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Reader How Tos: A System To Convert VHS and 8 mm Tape To DVD

Reader How Tos: A System To Convert VHS and 8 mm Tape To DVD
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This article is unusual in so far as it is by one of Tom's Hardware Guide's readers. It's a little experiment on our part to see if it is possible to include reader's experiences on the site. So, put your money where your mouth is. If you have a desire to write your own DIY story then drop me a line with a very brief pitch on what you want to write about. You never know, just like Jim Tomlinson, you might get published. Send your pitches to omid@tomshardware.com . I won't reply to everyone so, don't take it personally. I won't read long, rambling emails either. Short, sharp, and interesting. That's the first step to get by my initial filter.

Decision To Buy A New Computer

On July 9, I decided to buy a new computer to convert my many hours of aging 8MM and VHS tapes into DVD videos. I believed the state of the art had advanced to the point that personal computer technology could make reasonable (watchable) digital videos captured from analog video sources. But, many questions arose in my mind.

Should I Buy A Complete System Or Bit-piece?

For the last couple of years I had been a fan of Dell computer systems, for both work and home. It had been seven years since I had assembled my last computer from the ground up. Dell made it so easy (and cheap!) to buy a computer system, already assembled, with the software installed, ready to plug in and use (after some minor configuration). And they gave terrific phone support! So I looked at buying a Dell system, and looked hard. But the closer I looked, the more I wondered if I couldn't do better if I bought it bit-piece.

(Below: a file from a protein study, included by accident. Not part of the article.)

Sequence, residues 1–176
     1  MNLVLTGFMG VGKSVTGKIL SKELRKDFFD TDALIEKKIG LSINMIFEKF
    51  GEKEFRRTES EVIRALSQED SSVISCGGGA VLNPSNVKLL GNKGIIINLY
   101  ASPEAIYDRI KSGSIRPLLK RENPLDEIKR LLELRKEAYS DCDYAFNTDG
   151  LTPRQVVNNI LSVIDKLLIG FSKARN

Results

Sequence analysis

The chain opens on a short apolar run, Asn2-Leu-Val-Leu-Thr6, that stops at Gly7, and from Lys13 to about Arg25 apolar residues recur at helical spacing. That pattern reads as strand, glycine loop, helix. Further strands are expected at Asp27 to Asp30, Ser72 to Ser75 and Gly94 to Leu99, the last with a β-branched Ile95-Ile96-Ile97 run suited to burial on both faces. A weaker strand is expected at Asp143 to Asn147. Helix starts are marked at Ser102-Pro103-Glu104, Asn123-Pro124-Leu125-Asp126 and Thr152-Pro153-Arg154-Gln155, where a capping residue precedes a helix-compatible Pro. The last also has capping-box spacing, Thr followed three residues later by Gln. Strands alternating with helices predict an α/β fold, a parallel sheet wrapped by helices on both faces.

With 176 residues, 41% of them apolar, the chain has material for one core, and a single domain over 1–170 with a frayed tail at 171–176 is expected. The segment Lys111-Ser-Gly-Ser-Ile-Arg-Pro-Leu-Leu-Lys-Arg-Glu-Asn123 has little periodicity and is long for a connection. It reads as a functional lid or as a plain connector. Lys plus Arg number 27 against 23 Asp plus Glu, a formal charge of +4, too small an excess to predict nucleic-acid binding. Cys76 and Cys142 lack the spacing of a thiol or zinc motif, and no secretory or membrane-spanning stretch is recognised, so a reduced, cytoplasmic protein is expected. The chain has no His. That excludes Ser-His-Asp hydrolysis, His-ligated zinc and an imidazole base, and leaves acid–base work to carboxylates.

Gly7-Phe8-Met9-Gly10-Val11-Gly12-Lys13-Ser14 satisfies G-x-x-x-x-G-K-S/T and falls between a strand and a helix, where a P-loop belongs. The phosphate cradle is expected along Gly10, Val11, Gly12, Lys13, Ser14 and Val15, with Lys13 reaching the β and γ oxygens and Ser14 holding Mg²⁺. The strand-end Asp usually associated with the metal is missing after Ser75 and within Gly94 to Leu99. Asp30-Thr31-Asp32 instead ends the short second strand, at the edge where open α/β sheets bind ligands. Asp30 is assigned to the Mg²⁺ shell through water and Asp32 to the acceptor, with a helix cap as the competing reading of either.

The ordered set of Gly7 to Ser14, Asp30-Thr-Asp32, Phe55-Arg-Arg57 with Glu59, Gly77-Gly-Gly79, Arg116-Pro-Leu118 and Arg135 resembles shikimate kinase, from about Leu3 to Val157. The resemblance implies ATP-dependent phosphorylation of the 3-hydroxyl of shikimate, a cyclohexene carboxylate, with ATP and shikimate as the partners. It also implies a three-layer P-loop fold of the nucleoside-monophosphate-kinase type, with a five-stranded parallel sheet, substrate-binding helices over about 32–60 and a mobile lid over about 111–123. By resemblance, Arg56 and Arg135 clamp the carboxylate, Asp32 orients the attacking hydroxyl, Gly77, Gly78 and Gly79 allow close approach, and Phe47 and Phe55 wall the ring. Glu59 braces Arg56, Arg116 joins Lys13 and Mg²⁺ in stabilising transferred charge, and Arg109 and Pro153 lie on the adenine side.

Here is what I knew when I first started: I wanted a fast system to process all the analog video I had and store it on hard disk in digital video form. I then wanted to edit the digital video, shuffle video scenes around, and make my own movies. Finally, I wanted the option of making a DVD movie disc or a CD/ DVD data disc. These requirements dictated a processor with a fast front side bus (FSB) because of the tons of data that was going to flow from the processor to the main memory during video rendering. I chose the Intel Pentium 4 with a 533 MB/s front side bus (FSB) with 512 MB of PC1066 main memory. To accommodate all the digital video, I needed a fast, large hard disk. I would also need a DVD writer, of course, and video capture and editing tools.

Dell offered a system with all of this for $3,800, excluding shipping, handling, and taxes, of course - a very reasonable price, I thought. But their DVD burner was +R and +RW. (Was that good or bad? I honestly didn't know.) The video capture and editing tools were made by Dazzle Multimedia. What were my other choices?

Researching A Bit-piece Purchase

Clearly it was time to do my research. So out to the Internet I went, looking for DVD burners first. What was the difference between +R and -R? Here is what I found out: DVD+R is being introduced as of the summer of 2002; it is to have faster read and write times. DVD-R drives have been around for a while, and supposedly have better backward compatibility with DVD computer drives and DVD movie players. But here is what I really learned: DVD+R drives are more expensive than DVD-R, and they are just being introduced to the market as of the writing of this article. Sony has introduced its DVD+R drives, but Pioneer and Panasonic have had DVD-R drives on the market for over a year.

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